As your cool season crops are settling into the soil, germinating and growing into the coming warmth, you may prepare your warm season crops for their post-frost appearance. After hardening off tomatoes, squashes, cucumbers, herbs and cutting flowers, incorporate them with the same care into the grand planting scheme alongside compatible companions. Remember that late spring and early summer are peak times for many garden pests. Row covers help keep flying insects from your tender edibles as they emerge and face the challenges of hot, dry, windy weather. Companion planting helps plants’ resilience and, coupled with row cover protection, your crops stand a better chance at optimal growth. Since you’ve got your perennial asparagus planted (don’t harvest for at least three years after planting!), you can position the heavy feeder we’re so fond of close by: the tomato. Tomatoes are also best planted in a space that has previously grown a giver such as beans or peas. Basil, a natural accompaniment in Italian dishes, likes close proximity to tomatoes and vice versa. Parsley which tends to over-winter well here and provide vibrant, frilly green to any garden, likes to rub shoulders with tomatoes. Bee balm, a striking perennial, provides medicinal and aesthetic benefit, attracts beneficial insects and aids the growth of tomatoes. Plant abundantly, as it is a must in cut flowers to grace the dinner table. Be sure to add color and visual interest, as well as deter those pesky pests by planting marigolds of all shapes and sizes—not too close to melons or cucumbers which may take on a particular “marigold-y” flavor.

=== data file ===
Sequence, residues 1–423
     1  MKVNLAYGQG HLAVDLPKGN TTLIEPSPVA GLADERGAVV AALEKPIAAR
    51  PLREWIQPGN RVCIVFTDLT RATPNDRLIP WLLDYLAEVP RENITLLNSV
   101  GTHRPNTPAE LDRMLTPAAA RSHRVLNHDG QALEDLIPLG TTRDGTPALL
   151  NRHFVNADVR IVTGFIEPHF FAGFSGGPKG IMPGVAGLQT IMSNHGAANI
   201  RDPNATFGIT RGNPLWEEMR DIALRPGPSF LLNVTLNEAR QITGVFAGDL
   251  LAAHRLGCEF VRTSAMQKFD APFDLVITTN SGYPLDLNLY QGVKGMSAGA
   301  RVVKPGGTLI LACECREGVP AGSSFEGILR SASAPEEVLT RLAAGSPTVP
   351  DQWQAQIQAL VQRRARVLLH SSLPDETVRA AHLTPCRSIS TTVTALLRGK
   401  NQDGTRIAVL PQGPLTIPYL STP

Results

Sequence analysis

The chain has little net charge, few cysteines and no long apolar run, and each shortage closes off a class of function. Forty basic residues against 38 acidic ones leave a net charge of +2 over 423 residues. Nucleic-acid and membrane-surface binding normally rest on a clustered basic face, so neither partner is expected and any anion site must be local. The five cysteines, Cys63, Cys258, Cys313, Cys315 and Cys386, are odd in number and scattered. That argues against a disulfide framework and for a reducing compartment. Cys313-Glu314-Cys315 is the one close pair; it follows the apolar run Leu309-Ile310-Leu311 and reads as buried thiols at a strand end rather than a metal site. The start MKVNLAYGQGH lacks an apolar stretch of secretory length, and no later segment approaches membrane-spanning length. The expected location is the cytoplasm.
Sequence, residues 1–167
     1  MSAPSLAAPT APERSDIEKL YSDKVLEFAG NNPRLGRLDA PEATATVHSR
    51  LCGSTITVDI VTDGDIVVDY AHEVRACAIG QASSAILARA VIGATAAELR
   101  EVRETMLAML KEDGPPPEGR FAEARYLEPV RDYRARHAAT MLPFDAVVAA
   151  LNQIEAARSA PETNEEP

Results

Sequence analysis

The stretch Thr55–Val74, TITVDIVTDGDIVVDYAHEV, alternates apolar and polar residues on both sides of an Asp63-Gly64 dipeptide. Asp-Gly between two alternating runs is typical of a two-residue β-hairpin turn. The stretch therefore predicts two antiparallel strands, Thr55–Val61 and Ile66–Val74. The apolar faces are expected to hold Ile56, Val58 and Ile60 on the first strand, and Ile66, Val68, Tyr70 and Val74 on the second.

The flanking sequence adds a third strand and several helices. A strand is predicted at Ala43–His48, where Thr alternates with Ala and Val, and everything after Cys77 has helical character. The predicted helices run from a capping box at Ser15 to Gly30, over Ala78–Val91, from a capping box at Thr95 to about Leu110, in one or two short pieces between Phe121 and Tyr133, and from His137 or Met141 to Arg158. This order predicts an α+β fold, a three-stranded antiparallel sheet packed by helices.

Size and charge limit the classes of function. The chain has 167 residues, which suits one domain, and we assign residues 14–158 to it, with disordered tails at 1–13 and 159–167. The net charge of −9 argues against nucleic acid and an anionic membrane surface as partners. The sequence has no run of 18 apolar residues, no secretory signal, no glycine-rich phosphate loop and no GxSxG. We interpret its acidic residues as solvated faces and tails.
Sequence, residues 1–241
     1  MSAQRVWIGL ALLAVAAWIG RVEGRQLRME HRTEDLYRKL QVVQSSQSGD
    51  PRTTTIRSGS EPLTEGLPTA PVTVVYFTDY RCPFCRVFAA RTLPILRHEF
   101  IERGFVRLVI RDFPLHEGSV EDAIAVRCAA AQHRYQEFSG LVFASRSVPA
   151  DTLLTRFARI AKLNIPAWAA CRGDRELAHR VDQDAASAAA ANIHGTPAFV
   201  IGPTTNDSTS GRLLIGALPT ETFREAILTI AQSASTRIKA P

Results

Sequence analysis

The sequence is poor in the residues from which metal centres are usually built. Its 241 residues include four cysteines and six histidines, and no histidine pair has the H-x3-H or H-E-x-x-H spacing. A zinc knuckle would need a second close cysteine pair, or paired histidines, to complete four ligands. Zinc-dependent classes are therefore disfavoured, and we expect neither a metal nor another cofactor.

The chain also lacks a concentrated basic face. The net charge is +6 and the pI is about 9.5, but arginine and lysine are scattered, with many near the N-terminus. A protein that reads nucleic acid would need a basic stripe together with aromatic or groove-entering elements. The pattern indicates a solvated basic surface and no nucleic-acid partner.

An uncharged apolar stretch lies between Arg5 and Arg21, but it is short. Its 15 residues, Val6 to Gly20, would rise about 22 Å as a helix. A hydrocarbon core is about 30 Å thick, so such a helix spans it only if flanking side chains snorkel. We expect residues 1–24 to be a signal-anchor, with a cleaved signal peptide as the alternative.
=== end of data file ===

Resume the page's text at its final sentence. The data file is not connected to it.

Corn, another summer must, loves open space and lots of loamy, rich soil; it feeds heavily and is helped along by pole beans of any sort. The corn, in turn, provides an elegant, effective support up which leguminous tendrils twist and twirl their way to blooming bounty. The sprawl of winter and summer squashes offers a voluminous mulch over the feet of corn and beans and, with a broad border of medicinal and beautiful calendula and yarrow, beneficials will swoon in droves.